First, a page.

Great article for calling attention to this.

  2. Bobby B.

    So, B. Hussein Obama wants us to all make uncomfortable choices and sacrifices, and Hillary Rodham wants us to shut off the mercury-laced CFL’s when we leave the room. They really weren’t jumping through the hoops of the religious voters so much as those of the greens. The moderators were actually “greens in priests clothing”. Can I copyright that phrase?

    Why not ask these two some tough questions? Why not a question about how their going to protect The Bible and other religious texts from being labeled hate speech? Why not ask if they intend to stop the government’s plans of using hate speech laws and the church’s charitable status to regulate what preachers can say from the pulpit? Why not ask what they plan to do regarding the continued disintegration of the family and the havoc it brings? Some folks are even reporting that not only do the members of broken households experience physical, emotional and economic pain, but they are also contributing to the ills of the planet.


  3. Chad Crawford

    Bobby, are you familiar with the National Association of Evangelicals? They’re hardly what you would call the “greens.”

    I excerpted the questions about climate change for this article, but the participants asked questions from all over the spectrum of public policy. I believe even the president of the Southern Baptist Convention addressed the candidates.

    It wasn’t even supposed to be a Democratic debate. The Compassion Forum was endorsed by Mike Huckabee and McCain was invited.

  4. Chad Crawford


    “As one who loves God (some call that β€œreligious”) and tries to live as green as possible, I think a little hoop jumping is in order on both fronts.”

    I’m a minister so I guess I’m a “religious voter” too. I don’t need my ideal candidate to be religious too, but I do want to know what his or her values are. So I agree with you, a little hoop jumping is in order!

  5. Bobby B.

    Maybe it’s just too early to call them the “greens”. Time will tell.

    As a Southern Baptist, I find it disturbing that the leadership is advertising the creation care wing with such emphasis. You hear almost nothing about how they respond with food and supplies for the needy during disasters (i.e. Katrina), how they support crisis pregnancy centers that offer abortion alternatives, how active they are in domestic and foreign missions, or even how their doctrine differs from other religious groups. That just scratches the surface of all the things the southern baptists aren’t talking about. And many other religions in the “silent majority” do a large amount of service unto others. Do they really think that going green will move them out of the “silent majority” and into the mainstream? Here are a couple of interesting opinion pieces about organized religion’s alignment with environmentalism:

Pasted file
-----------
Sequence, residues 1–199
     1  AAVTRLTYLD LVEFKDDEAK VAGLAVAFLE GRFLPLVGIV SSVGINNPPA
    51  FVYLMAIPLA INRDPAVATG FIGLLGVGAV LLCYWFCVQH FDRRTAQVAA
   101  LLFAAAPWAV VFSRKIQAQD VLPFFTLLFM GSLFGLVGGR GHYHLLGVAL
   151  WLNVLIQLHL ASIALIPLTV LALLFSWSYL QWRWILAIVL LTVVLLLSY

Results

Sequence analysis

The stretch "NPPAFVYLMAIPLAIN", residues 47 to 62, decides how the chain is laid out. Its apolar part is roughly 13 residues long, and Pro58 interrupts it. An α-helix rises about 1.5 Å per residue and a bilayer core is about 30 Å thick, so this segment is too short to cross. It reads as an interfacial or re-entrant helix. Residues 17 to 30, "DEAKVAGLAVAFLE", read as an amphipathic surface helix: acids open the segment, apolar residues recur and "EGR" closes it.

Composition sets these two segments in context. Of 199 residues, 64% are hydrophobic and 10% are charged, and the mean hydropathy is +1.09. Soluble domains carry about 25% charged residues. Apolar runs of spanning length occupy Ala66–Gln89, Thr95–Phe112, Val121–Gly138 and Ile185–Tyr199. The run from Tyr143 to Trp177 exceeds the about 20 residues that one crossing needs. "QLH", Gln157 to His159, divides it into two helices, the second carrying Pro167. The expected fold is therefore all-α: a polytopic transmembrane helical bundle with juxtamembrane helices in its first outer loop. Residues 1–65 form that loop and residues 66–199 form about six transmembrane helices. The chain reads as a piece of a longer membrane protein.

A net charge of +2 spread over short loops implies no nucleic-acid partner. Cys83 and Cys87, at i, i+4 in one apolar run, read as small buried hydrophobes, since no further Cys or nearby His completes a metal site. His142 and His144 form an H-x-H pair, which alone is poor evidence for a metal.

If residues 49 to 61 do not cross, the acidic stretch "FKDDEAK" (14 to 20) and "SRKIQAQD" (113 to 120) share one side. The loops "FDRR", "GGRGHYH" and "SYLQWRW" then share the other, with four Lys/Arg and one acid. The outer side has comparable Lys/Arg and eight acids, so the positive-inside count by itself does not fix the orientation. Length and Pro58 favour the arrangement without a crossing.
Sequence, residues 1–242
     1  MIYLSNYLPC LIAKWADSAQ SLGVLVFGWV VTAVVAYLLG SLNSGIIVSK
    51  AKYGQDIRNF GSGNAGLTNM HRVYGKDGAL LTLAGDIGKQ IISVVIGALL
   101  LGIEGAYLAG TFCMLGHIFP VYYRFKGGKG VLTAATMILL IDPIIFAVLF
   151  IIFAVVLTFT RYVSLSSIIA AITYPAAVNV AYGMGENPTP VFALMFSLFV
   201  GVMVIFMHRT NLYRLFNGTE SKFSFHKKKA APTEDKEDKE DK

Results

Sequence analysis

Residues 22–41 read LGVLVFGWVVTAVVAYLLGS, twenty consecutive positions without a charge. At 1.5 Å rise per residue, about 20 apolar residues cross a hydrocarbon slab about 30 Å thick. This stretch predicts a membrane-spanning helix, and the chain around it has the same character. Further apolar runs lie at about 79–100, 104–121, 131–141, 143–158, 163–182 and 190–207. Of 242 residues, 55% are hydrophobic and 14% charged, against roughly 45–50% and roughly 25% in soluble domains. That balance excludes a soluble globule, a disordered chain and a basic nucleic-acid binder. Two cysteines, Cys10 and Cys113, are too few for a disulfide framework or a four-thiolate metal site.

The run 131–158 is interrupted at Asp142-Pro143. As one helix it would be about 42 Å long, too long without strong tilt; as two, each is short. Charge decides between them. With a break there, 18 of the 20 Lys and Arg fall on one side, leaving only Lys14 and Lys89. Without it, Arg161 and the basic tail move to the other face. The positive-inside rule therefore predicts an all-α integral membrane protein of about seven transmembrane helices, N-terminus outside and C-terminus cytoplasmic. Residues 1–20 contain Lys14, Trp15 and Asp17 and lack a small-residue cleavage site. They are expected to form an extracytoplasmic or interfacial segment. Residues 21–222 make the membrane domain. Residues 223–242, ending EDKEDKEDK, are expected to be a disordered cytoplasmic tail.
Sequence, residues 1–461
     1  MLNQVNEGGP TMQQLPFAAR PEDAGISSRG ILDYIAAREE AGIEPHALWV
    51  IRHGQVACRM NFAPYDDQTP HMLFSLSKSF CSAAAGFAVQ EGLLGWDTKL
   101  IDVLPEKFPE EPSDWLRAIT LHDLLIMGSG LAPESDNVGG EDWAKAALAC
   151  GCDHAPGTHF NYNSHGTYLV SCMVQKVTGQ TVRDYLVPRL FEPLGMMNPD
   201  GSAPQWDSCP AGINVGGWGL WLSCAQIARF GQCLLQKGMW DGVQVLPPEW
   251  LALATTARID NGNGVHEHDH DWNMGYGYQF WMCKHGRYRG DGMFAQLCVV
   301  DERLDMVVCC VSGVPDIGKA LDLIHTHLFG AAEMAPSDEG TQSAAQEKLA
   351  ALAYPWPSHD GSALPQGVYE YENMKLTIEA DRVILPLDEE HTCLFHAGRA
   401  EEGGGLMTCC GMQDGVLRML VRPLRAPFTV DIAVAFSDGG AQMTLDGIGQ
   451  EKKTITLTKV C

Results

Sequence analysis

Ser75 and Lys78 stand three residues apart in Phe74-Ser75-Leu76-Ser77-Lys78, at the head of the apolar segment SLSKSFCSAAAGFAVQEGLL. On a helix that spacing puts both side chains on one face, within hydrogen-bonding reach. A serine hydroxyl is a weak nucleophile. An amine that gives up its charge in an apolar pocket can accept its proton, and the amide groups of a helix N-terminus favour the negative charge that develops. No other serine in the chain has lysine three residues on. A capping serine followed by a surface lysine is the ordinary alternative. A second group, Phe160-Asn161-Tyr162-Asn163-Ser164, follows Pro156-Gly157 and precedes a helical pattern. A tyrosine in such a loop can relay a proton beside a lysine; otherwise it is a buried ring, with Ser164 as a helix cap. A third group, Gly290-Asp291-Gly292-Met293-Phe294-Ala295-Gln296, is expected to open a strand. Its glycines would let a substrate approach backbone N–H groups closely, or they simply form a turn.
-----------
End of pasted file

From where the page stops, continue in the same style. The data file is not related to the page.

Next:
You will note that it is Farah’s job to be opinionate. I’m opinionated because it’s fun!

    Also, was B. Hussein Obama pandering to religious voters when his speech to a bunch of elitists got recorded last weekend:



    I am still shocked the Huffington Post ran with the story. Maybe they work for sniper-fire-ducking Hillary.

  6. Chad Crawford

    I know that “creation care” is a contentious issue with Southern Baptists, but the president of the Southern Baptist Conv. didn’t ask questions about “creation care.” He asked about Obama’s thoughts on decreasing HIV/AIDS. I mentioned his name in my earlier comment to say that they covered a variety of “tough questions.”

  7. Bobby B.


    Warning – The above article will likely offend those that believe in total tolerance.

    Chad, it’s funny that you mentioned HIV/AIDS. In some part, the ability of the gay and lesbian front organizations to infiltrate the public school system accounts for the increase in religious and home schooling. The Southern Baptists and others have called on parents to pull kids out of the public school system in favor of parochial education. I’m not in total agreement because the call to be salt and light extends beyond the church house walls. However, the freedom of Christian expression is very much under attack in these United States, especially in the public schools. There are dozens of articles each week of kids and teachers being told to conceal their faith.

    How does this relate to environmentalism? The same tactics used by the above groups have been used by the greens to get into the schools as well. The theory that man is an invader and destroying this precious planet is presented as fact, and those with differing opinions are punished via lower grades and subsequently re-educated. This practice even extends into the university and professional ranks. Wasn’t it Dr. Heidi Cullen of The Weather Channel who said that licenses should be revoked from meteorologists who presented theories contrary to that of man-made global warming?

    With a little extrapolation, you can probably see why I see this whole creation care movement as a bad idea for the church. The symbiotic relationship that exists among the greens, the gays, the pro-abortionists, the gun banners, the anti-Christians, the no-prayer-in-schoolers, the anti-nativity sceners, the Bible-equals-hate-speech club, the anti-Pledge of Allegiance crowd, etc. is undeniable. Should the church get in bed with one, what foundation will it have to resist the others when the β€œthought police” call for tolerance (conformance)?

  8. curt

    I believe, that the new President is going to be much, much more Eco friendly, whoever is going to be. All candidates are far more knowledgeable on this matter, except Al Gore in the past, but he wasn’t so Eco-Hot at that time, either.
    I wonder, if the Pope Benedict left some impact to the issue of ‘environmentally friendly politics’ by his personal visit to US?